Jessica: I think I connected more to Camila. The pressures she was under is unfortunately something that I think many young people can relate to. On the other hand, Dani was also a really compelling character.
Crystal: I connected to both in different ways. I could definitely relate to Camila and her lack of awareness around her anger. Being able to recognize anger and seeing that it can be a good thing was something that I didn’t learn until much later in life. There were aspects of Dani’s experience that resonated with me too though. The distance between Dani and her parents reminded me of my own family. Between the two, there were many experiences and emotions that young people might recognize.
I feel like this book does a wonderful “Enemies to Friends” trope as the two girls do not get along at the beginning and eventually do after being forced together. Do you think it fit the trope as well?
Jessica: I’d say it does to a certain extent! While I don’t think the synopsis and the story quite matched up, I did appreciate what the story ended up being. I’m always a fan of disparate characters coming together and finding ways to heal, so Dani and Camila’s story kept me reading. That aspect is particularly relevant, given how impactful certain friendships can be, especially considering how often you’re sort of thrown together with people as a teen. Friendship can bloom in all sorts of circumstances!
Crystal: Like Jessica, I appreciated this friendship. The trope fit and I liked that they were able to learn from and with each other over time. I like seeing how they warmed up to each other and were able to move forward.
Audrey: My favorite parts of an “enemies to friends” plot are when the characters have little moments of recognition, whether that’s a realization that they’re similar in some way or admiration for something the other person has done/accomplished. Dani and Camila had some great scenes for this, and I was very pleased with how their friendship came together.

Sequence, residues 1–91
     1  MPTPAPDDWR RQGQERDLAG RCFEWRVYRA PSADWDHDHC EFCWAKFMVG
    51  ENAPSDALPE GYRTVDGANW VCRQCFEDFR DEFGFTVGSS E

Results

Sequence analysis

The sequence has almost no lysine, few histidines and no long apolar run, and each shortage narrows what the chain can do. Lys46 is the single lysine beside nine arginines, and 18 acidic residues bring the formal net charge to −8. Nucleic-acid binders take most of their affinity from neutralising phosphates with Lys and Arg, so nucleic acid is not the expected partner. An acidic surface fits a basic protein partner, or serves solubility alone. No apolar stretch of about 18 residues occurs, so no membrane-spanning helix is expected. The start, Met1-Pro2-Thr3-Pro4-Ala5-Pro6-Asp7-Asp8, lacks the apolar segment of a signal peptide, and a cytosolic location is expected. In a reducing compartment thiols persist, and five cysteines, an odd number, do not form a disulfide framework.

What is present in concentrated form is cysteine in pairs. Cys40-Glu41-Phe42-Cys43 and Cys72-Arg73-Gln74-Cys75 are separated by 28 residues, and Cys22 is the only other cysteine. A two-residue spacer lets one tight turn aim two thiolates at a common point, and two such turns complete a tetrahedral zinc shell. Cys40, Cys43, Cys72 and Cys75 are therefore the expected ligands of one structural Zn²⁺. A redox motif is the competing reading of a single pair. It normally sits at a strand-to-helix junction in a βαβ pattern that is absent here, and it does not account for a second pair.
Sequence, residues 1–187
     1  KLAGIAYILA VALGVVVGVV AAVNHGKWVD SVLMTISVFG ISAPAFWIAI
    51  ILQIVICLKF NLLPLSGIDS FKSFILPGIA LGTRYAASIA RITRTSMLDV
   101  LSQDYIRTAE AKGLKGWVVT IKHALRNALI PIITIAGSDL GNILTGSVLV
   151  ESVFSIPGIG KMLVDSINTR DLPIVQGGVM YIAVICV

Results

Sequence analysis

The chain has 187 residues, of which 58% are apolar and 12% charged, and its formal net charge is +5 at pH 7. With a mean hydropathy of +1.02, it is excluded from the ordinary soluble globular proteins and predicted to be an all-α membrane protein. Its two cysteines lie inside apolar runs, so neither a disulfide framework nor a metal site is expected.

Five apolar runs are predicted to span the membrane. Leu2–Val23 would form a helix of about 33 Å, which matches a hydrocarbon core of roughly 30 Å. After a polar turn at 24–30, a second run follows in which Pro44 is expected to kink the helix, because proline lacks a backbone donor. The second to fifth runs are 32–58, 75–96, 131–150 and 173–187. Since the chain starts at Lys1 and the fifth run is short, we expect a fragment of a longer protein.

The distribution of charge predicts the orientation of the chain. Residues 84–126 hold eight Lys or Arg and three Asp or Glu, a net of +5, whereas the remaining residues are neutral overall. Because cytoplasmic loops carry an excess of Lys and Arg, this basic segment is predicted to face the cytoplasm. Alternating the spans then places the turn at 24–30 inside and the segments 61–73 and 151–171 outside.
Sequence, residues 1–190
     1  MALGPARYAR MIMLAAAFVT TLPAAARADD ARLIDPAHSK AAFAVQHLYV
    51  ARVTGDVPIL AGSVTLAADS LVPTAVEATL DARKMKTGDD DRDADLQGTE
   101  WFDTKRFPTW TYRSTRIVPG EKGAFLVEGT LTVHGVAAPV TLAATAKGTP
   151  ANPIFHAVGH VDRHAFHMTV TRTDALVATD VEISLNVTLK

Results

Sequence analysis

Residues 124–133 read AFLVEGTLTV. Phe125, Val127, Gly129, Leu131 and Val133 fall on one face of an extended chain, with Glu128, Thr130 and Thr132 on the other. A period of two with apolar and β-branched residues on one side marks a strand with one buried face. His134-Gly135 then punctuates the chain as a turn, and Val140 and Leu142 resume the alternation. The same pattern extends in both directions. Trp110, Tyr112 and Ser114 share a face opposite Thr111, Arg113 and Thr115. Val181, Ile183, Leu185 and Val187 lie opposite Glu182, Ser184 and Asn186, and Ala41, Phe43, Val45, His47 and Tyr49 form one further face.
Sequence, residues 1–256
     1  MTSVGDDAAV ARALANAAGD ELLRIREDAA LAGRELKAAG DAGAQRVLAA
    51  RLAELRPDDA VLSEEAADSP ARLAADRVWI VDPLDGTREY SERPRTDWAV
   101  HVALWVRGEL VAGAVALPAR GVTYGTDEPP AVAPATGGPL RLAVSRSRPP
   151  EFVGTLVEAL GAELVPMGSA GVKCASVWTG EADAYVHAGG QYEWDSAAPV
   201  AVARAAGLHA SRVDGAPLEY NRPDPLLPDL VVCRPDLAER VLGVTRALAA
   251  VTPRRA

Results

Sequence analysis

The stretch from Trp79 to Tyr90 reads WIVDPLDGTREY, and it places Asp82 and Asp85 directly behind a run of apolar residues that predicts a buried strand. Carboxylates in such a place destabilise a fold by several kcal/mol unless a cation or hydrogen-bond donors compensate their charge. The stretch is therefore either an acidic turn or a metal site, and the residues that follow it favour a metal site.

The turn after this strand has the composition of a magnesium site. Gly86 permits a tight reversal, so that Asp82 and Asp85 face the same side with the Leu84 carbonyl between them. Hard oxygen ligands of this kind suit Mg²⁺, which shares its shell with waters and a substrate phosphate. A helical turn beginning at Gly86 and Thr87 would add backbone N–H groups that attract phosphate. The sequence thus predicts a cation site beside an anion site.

K. Imani: I agree, Audrey. There were so many great scenes between the two girls that really stood out to me and made me recognize the trope. I loved that Dani and Camila grew to understand each other and even come to rely on each other. I feel like their friendship allowed them to heal individually as both became sensitive to the other’s needs and provided support. Both became more empathetic as a result, while also realizing what they needed individually to heal.
Generational trauma is hinted at in this book among both Dani’s and Camila’s families. How did that resonate with you?
K. Imani: There is so much talk about generational trauma these days, but many don’t even realize how deep it actually affects them. Dani’s strained relationship with her mother is a prime example of how trauma can really damage a teen’s life, but Dani doesn’t realize it. It made me sad for Dani because of her hurt, she couldn’t see how her mother hurt and the sacrifices that her mother had to make to maintain her position in society. I felt like if Peach Tree Hills had encouraged Dani’s parents to be a part of her healing, Dani would have recognized how her behavior and actions comes from her family’s way of dealing with racism. I felt the same for Camila’s parents, especially her dad, after immigrating from Colombia and working so hard.
Jessica: Oof. I’m so glad the book touched on this, and I would have been interested to see it explored even more. Generational trauma leaves such a heavy footprint on our lives, particularly given the legacies of racism and colonialism. There are so many things that I get frustrated at about my parents, or end up being mystified by, and sometimes I have to remind myself of what they, and their parents, and their parents’ parents have been through to end up here, and how that informs how they behave and interact with the next generation.